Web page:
[You have come] … to a community of the firstborn. Heb 12:23
This is going to be a rather short post, but one that illustrates an important truth.
The Inuit supposedly had a belief that there were many seals, but that each one was a manifestation of the one seal, the spirit of the seal. That is, the one seal was manifesting as the many. Apparently, the American Indians looked at the buffalo that way too. The manifestation was for the indigenous people to feed from them.
I overheard a pastor saying that Jesus did not belief in Jesus. He believed in God. But Jesus said that the father and him are one.
Jesus is the manifestation of God in the earth. He is the light, the truth, the life, the path, he is whatever God is, manifested as a man.
He is the firstborn of God, and the firstborn from the dead.
All this is the witness of the bible about Jesus.
But what does all this have to do with the Inuit story? I think, everything.
Jesus in John 17 prays that we might be one with the father just as he is one with him.
Jesus calls us the light of the world.
Jesus gives us the right to bind and loose, a judicial term as we have seen in an earlier post that constitutes right or wrong. He tells us therefore that we constitute truth.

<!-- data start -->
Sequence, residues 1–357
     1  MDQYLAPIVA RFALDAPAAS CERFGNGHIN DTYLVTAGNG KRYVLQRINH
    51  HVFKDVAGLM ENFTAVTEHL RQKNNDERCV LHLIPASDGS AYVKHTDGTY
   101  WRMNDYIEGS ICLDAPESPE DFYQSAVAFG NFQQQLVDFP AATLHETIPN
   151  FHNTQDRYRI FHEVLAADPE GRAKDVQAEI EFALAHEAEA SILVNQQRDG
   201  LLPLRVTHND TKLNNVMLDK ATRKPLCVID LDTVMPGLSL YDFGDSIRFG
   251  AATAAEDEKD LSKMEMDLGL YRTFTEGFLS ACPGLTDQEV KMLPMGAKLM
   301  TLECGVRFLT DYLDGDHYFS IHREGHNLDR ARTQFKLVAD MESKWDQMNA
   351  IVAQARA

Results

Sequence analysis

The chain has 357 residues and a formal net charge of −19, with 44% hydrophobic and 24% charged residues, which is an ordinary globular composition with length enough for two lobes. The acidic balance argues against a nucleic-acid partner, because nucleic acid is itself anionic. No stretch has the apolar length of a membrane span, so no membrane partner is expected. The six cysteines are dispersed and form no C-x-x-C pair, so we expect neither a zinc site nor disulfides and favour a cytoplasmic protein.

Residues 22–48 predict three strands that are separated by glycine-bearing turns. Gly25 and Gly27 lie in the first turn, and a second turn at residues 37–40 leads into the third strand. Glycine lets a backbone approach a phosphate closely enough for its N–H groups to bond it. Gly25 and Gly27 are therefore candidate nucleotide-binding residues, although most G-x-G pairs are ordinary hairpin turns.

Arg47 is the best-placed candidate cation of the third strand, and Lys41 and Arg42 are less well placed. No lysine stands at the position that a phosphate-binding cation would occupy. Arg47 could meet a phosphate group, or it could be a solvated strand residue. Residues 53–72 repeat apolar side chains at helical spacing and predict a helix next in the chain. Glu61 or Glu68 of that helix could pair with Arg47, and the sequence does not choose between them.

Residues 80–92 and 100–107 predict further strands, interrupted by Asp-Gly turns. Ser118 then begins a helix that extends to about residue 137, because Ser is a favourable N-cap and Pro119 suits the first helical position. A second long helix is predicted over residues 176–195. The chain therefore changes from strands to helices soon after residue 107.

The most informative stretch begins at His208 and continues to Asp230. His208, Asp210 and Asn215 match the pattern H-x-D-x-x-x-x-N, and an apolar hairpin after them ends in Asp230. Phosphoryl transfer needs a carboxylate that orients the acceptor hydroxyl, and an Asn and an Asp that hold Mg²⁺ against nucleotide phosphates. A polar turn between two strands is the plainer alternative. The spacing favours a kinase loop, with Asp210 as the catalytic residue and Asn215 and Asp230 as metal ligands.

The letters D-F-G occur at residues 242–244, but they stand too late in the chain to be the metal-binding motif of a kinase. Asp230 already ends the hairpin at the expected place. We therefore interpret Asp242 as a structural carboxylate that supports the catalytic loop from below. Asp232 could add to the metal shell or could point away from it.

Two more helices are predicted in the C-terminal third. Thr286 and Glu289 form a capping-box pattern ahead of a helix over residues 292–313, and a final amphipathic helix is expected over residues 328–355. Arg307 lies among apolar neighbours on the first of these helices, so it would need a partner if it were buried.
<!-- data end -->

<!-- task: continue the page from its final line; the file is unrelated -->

The church at first was called “the way”, thus we are the path.
And the verse above tells us that we are called into the community of firstborns. It’s not Jesus the first born and we the brothers and sisters that follow. It’s a community of all firstborns.
We are manifestations of the firstborn on earth, just as Jesus was a manifestation of God.
That is, by deduction, we are manifestations of God in the earth. Just another way to say that we are made in his image.
Just like the spirit of the seal, God manifests on earth in us so others can feed on us.
And since God made every human being in her image, every human being is a manifestation of God on earth.
Now, let’s find out what the implications of this are. Certainly not an “us versus them” mentality with criteria of who is in and who is out.